Still of Jeremy Irons and Miranda Richardson in DamageStill of Jeremy Irons and Miranda Richardson in DamageStill of Jeremy Irons in DamageStill of Juliette Binoche and Jeremy Irons in DamageStill of Juliette Binoche and Jeremy Irons in Damage


A member of Parliament falls passionately in love with his son's fiancée despite the dangers of discovery.

Release Year: 1992

Rating: 6.7/10 (6,698 voted)

Louis Malle

Stars: Jeremy Irons, Juliette Binoche, Miranda Richardson

A member of Parliament (Irons) falls passionately in love with his son's fiancée. They pursue their affair with obsessive abandon despite the dangers of discovery and what it would do to his complacent life and his son. Completely obsessed, he wants to give up his current lifestyle to be with her. She has no intention of allowing him to do this, preferring to have her marriage to the son as a cover. They are eventually discovered, and must deal with the damage. Based on the novel by Josephine Hart.

Writers: David Hare, Josephine Hart


Jeremy Irons

Dr. Stephen Fleming

Juliette Binoche

Anna Barton

Miranda Richardson

Ingrid Fleming

Rupert Graves

Martyn Fleming

Ian Bannen

Edward Lloyd

Peter Stormare

Peter Wetzler

Gemma Clarke

Sally Fleming

Julian Fellowes

Donald Lyndsay, MP

Leslie Caron

Elizabeth Prideaux

Tony Doyle

Prime Minister

Ray Gravell


(as Raymond Gravell)

Susan Engel

Miss Snow

David Thewlis


Benjamin Whitrow

Civil Servant

Jeff Nuttall

Trevor Leigh Davies MP

The most talked about novel of the year is now the most talked about film of the year.

Release Date: 22 January 1993

Filming Locations: London, England, UK

Gross: $7,532,911

Technical Specs


Did You Know?


The Part of the Prime Minster's Aide was going to be played by Stephen Beard but shortly before filming he was replaced by Barry Stearn.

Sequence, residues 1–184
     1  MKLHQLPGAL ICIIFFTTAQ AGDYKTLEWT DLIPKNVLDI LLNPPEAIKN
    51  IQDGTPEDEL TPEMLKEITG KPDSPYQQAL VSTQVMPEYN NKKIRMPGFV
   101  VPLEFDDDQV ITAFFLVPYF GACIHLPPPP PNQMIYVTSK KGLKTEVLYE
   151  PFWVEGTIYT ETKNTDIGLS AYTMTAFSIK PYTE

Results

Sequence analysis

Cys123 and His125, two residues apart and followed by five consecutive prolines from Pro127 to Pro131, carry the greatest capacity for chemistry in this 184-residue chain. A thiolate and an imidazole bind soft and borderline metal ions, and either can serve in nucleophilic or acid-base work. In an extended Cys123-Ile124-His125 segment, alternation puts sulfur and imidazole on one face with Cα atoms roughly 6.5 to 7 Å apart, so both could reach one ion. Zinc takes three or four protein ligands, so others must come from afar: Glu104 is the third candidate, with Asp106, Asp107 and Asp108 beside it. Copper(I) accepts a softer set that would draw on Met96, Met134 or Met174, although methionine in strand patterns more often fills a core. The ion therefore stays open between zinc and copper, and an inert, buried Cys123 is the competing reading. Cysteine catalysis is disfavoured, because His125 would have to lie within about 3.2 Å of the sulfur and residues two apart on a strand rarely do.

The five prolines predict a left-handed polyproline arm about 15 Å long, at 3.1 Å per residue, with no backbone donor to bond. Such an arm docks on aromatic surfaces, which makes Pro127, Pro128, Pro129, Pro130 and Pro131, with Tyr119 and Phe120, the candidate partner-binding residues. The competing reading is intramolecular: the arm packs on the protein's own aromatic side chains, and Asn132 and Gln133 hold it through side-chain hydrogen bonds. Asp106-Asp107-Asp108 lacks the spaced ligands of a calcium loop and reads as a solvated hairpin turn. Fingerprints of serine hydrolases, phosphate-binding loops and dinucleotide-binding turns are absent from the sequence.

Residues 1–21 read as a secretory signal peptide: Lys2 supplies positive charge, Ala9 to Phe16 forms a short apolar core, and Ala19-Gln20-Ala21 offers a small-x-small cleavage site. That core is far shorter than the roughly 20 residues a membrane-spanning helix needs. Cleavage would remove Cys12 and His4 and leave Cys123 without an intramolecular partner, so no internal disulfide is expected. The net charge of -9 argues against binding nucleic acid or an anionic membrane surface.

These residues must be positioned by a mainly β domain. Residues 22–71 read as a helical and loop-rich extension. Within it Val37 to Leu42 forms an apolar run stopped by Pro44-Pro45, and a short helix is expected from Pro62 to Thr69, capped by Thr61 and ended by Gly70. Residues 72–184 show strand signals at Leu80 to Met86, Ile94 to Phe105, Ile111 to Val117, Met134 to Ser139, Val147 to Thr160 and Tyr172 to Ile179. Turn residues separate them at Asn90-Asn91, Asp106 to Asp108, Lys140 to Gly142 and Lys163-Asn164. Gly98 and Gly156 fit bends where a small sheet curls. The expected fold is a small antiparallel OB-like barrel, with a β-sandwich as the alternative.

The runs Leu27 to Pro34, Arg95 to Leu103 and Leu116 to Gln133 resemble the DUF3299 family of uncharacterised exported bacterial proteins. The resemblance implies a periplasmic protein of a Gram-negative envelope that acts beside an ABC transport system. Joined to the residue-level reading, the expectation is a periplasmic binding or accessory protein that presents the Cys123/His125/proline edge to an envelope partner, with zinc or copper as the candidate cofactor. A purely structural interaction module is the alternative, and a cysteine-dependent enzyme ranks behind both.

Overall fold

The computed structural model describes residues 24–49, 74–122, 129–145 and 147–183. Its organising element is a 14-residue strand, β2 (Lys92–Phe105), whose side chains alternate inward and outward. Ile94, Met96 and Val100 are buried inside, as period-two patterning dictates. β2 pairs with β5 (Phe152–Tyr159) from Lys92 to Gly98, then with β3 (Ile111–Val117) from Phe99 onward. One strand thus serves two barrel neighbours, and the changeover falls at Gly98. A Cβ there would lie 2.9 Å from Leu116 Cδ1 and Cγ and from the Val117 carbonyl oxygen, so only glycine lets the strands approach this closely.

When Stephen is in the bathtub, Ingrid's arm suddenly changes position between shots.


Anna Barton:
Damaged people are dangerous. They know they can survive.

User Review

A brilliant but misunderstood film


I'm mainly posting this because I've been reading the other comments here,
and I just had to respond. While a movie's quality is (for the most part)
subjective and everyone is entitled to his/her opinion, I must say that
those who thoroughly panned this movie have really demonstrated how little
imagination most people have, and their lack of appreciation for subtlety
film or any other artistic medium is readily apparent.

For all the talk about the sex scenes in this movie and how they're
laughable, or not erotic or whatever, no one is getting the point: the sex
between Irons and Binoche is not there just to get the audience all hot
bothered. You have to look at it within the context of the story: these
people are not just out to get laid, to satisfy some momentary sexual
They didn't say, Oh, hey, you look hot, I'd sure like to bang you. From
moment they meet they are both captive to an overwhelming, inexplicable
passion, due to deep-seated, subconscious motivations stemming from each
person's individual history and emotional nature. It's fairly clear from
the mostly silent, often awkward, and sometimes almost painful-looking sex